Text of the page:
Climate Lawsuits Ahoy

    The combination of science & liability may end up getting a lot of press in the Carbondämmerung era. The parallel of big tobacco and big carbon has always been compelling to me, but the Guardian reports that Oxford University physicists have developed a way to determine whether a climate disaster has a human causation.

    The technique involves running two computer models to simulate the conditions that led to extreme weather events. One model includes human-caused emissions of greenhouse gases, the second assumes the industrial revolution never happened and that carbon levels in the atmosphere have not increased over the last century. Comparing the results pins down the impact of man-made global warming. "As the science has evolved this is now possible, it's just a question of computing power," he said.

    This seems like a decent way of telling whether a given event is greenhouse gas related, but won't pin the carbon on the emitter. It's possible that a more detailed process could narrow down the likely sources, but I'm dubious. I expect that the carbon lawsuits are likely to go the same route as the tobacco suits: lots of noise, lots of outrage, but very few convictions.

    December 8, 2008

    Legacy Futures

    Reading a talk given by science fiction author Ken Macleod, I came across this bit:

    I used the term 'legacy code' in one of my novels, and Farah Mendlesohn, a science-fiction critic who read it thought it was a term I had made up, and she promptly adapted it for critical use as 'legacy text'. Legacy text is all the other science fiction stories that influence the story you're trying to write, and that generally clutter up your head even if you never read, let along write, the stuff. Most of us have default images of the future that come from Star Trek or 2001 or 1984 or Dr Who or disaster movies or computer games. These in turn interact with the tendency to project trends straightforwardly into the future.

    What immediately struck me is that we all have this kind of cognitive "legacy code" in our thinking about the future, not just science fiction writers, and it comes from more than just pop-culture media. We get legacy futures in business from old strategies and plans, legacy futures in politics from old budgets and forecasts, and legacy futures in environmentalism from earlier bits of analysis. Legacy futures are rarely still useful, but have so thoroughly colonized our minds that even new scenarios and futures models may end up making explicit or implicit references to them.

    In some respects, the jet pack is the canonical legacy future, especially given how the formulation (originally from Calvin & Hobbes, I believe), of "where's my jet pack?" has become a widely-used phrase representing disappointment with the future instantiated in the present.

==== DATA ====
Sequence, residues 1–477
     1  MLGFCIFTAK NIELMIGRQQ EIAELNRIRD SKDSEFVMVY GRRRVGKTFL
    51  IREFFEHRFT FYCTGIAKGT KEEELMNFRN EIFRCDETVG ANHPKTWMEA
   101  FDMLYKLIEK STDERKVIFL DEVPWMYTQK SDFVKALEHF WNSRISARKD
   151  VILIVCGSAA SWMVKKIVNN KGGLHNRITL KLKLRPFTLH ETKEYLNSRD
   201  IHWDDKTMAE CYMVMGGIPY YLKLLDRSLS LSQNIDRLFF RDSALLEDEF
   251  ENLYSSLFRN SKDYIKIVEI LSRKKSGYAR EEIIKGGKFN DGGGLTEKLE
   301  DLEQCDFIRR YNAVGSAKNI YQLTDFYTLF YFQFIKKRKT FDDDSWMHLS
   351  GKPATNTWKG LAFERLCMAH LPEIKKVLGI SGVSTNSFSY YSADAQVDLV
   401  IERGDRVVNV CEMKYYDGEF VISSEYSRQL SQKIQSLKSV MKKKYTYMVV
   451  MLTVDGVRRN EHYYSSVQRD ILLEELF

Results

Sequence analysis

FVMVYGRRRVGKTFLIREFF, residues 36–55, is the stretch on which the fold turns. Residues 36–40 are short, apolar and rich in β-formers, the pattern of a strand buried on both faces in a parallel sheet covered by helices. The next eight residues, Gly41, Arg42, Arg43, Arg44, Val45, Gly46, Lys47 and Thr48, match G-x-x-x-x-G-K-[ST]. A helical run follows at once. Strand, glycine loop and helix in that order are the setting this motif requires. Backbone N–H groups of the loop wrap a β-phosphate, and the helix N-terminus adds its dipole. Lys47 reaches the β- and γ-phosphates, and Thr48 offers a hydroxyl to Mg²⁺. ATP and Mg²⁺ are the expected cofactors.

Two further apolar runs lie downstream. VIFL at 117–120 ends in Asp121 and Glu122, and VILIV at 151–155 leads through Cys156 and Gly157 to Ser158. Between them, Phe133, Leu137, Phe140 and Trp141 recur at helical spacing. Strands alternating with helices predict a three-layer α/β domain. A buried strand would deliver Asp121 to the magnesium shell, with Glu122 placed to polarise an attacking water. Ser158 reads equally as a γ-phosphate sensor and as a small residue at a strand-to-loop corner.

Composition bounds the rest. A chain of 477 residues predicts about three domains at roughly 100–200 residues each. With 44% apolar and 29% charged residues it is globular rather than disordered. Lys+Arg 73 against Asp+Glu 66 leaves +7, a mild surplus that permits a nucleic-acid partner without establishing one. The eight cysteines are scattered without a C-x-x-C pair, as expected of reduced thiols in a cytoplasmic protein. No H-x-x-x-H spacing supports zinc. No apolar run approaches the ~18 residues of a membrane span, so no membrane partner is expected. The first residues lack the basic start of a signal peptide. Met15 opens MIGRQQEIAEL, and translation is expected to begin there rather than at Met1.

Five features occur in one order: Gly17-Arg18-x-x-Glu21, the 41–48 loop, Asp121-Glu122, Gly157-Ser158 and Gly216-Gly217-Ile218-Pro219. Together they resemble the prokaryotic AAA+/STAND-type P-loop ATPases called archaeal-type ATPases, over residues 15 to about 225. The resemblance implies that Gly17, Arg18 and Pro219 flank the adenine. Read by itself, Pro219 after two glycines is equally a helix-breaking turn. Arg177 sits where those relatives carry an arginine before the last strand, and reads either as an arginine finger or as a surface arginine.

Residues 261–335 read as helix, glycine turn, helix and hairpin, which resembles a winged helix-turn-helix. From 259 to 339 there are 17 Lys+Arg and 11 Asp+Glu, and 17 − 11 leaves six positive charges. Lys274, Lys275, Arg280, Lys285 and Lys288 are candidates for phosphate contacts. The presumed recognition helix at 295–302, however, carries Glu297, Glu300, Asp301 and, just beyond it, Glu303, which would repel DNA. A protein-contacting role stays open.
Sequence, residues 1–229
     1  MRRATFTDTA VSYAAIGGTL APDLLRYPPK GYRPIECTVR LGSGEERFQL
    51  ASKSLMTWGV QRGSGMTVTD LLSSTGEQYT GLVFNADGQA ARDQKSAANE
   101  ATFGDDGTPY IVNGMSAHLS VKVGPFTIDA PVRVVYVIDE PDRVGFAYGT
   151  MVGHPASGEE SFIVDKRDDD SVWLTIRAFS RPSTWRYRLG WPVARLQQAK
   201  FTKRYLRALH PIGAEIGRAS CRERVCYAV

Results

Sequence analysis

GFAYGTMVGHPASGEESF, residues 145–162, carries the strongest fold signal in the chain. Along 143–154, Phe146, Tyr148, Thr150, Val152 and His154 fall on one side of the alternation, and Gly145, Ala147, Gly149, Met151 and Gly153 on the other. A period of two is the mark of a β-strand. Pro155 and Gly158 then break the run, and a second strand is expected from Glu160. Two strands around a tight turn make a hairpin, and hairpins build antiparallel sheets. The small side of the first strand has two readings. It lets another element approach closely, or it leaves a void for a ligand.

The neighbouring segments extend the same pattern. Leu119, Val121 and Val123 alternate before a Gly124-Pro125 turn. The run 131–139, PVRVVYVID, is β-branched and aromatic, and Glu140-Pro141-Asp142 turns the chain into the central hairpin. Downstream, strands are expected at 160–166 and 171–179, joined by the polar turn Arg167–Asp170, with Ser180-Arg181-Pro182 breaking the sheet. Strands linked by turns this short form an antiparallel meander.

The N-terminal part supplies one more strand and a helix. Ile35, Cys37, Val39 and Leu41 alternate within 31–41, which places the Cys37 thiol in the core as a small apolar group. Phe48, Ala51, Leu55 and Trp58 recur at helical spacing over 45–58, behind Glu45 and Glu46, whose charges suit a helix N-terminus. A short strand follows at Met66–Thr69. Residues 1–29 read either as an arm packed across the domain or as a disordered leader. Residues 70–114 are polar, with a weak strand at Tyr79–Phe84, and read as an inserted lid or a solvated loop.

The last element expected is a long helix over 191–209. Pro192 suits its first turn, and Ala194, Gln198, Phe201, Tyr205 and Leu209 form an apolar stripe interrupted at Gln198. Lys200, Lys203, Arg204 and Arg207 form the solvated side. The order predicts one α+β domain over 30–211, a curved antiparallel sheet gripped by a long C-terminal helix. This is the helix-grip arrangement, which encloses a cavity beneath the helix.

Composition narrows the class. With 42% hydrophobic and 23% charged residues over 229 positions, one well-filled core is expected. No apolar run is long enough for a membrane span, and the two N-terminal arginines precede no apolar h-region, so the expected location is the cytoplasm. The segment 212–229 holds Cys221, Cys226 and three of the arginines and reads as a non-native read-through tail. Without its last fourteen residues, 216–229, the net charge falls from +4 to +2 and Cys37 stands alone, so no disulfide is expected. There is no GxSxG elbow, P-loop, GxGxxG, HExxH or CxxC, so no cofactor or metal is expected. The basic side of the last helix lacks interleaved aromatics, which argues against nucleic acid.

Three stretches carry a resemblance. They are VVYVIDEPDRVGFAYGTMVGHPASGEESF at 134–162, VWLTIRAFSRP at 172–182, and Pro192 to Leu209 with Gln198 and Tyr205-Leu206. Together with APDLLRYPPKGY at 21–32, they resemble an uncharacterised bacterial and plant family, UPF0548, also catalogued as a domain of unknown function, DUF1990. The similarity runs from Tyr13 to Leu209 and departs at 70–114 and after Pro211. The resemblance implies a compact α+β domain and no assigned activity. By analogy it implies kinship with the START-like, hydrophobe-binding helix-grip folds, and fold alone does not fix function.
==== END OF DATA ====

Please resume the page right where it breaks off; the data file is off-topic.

People who follow my Twitter stream may recognize another example of a legacy future: Second Life. While the jet pack never really became part of anything other than Disneyfied visions of Tomorrowland, over the past five years or so Second Life came to represent for professional forecasters and futurists the vision of the Metaverse. Even though Second Life has yet to live up to any of the expectations thrust upon it by people outside of the online game industry, it has doggedly maintained its presence as a legacy future.

    Just like legacy code makes life difficult for programmers, legacy futures can make life difficult for futures thinkers. Not only do we have to describe a plausibly surreal future that fits with current thinking, we have to figure out how to deal with the leftover visions of the future that still colonize our minds. If I describe a scenario of online interaction and immersive virtual worlds, for example, I know that the resulting discussion will almost certainly include people trying to map that scenario onto their existing concept of how Second Life represents The Future.

    Sure, Second Life futurism may be a particular irritant for me, but the legacy futures concept can have much more troubling implications.

    We can see it in discussions of post-petroleum transportation that continue to elevate hydrogen fuel cells as The Answer, even though most eco-futurists and green automotive thinkers now regard that technology as something of a dead end. We can see it in population projections that don't account for either healthcare technologies extending both productive lives and overall lifespans. We can see it in both visions of a sustainable future reminiscent of 1970s commune life, and visions of a viable future that don't include dealing with massive environmental disruption.

    All of these were once legitimate scenarios for what tomorrow might hold -- not predictions, but challenges to how we think and plan. For a variety of reasons, their legitimacy has faded, but their hold on many of us remains.

    This leaves us with two big questions:

  • How do we deal with legacy futures without discouraging people from thinking about the future at all?
  • What scenarios considered legitimate today will be the legacy futures of tomorrow?

  • December 6, 2008

    Catastrophic Risks Presentation

    View SlideShare presentation or Upload your own.

    ...In case anyone is curious, here are the slides I used at the Global Catastrophic Risks conference in Mountain View, California, last month. Enjoy.